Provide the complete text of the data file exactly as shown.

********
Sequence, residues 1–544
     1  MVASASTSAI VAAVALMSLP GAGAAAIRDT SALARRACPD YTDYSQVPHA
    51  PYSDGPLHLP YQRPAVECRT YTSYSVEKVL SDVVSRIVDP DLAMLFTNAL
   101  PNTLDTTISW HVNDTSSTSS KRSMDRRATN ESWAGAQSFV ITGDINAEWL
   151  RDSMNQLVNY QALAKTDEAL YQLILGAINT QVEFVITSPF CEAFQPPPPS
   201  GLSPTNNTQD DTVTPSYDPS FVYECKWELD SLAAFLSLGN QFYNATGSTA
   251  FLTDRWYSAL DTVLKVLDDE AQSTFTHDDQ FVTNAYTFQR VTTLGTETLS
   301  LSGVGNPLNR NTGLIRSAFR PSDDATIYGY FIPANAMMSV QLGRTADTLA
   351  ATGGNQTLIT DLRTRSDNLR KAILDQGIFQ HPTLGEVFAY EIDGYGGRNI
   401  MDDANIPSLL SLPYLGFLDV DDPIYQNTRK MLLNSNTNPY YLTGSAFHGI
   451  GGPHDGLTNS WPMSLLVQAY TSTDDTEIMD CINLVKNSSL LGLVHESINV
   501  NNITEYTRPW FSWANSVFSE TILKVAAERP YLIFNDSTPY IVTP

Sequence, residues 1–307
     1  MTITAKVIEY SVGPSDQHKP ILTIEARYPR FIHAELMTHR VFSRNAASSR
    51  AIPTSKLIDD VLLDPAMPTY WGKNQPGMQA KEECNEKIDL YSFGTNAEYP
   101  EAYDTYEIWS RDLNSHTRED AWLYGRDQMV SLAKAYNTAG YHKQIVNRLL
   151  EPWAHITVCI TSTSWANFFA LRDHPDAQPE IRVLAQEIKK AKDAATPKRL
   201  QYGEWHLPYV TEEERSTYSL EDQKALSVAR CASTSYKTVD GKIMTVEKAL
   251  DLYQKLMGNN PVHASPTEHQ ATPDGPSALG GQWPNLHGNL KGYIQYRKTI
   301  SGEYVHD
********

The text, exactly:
Sequence, residues 1–544
     1  MVASASTSAI VAAVALMSLP GAGAAAIRDT SALARRACPD YTDYSQVPHA
    51  PYSDGPLHLP YQRPAVECRT YTSYSVEKVL SDVVSRIVDP DLAMLFTNAL
   101  PNTLDTTISW HVNDTSSTSS KRSMDRRATN ESWAGAQSFV ITGDINAEWL
   151  RDSMNQLVNY QALAKTDEAL YQLILGAINT QVEFVITSPF CEAFQPPPPS
   201  GLSPTNNTQD DTVTPSYDPS FVYECKWELD SLAAFLSLGN QFYNATGSTA
   251  FLTDRWYSAL DTVLKVLDDE AQSTFTHDDQ FVTNAYTFQR VTTLGTETLS
   301  LSGVGNPLNR NTGLIRSAFR PSDDATIYGY FIPANAMMSV QLGRTADTLA
   351  ATGGNQTLIT DLRTRSDNLR KAILDQGIFQ HPTLGEVFAY EIDGYGGRNI
   401  MDDANIPSLL SLPYLGFLDV DDPIYQNTRK MLLNSNTNPY YLTGSAFHGI
   451  GGPHDGLTNS WPMSLLVQAY TSTDDTEIMD CINLVKNSSL LGLVHESINV
   501  NNITEYTRPW FSWANSVFSE TILKVAAERP YLIFNDSTPY IVTP

Sequence, residues 1–307
     1  MTITAKVIEY SVGPSDQHKP ILTIEARYPR FIHAELMTHR VFSRNAASSR
    51  AIPTSKLIDD VLLDPAMPTY WGKNQPGMQA KEECNEKIDL YSFGTNAEYP
   101  EAYDTYEIWS RDLNSHTRED AWLYGRDQMV SLAKAYNTAG YHKQIVNRLL
   151  EPWAHITVCI TSTSWANFFA LRDHPDAQPE IRVLAQEIKK AKDAATPKRL
   201  QYGEWHLPYV TEEERSTYSL EDQKALSVAR CASTSYKTVD GKIMTVEKAL
   251  DLYQKLMGNN PVHASPTEHQ ATPDGPSALG GQWPNLHGNL KGYIQYRKTI
   301  SGEYVHD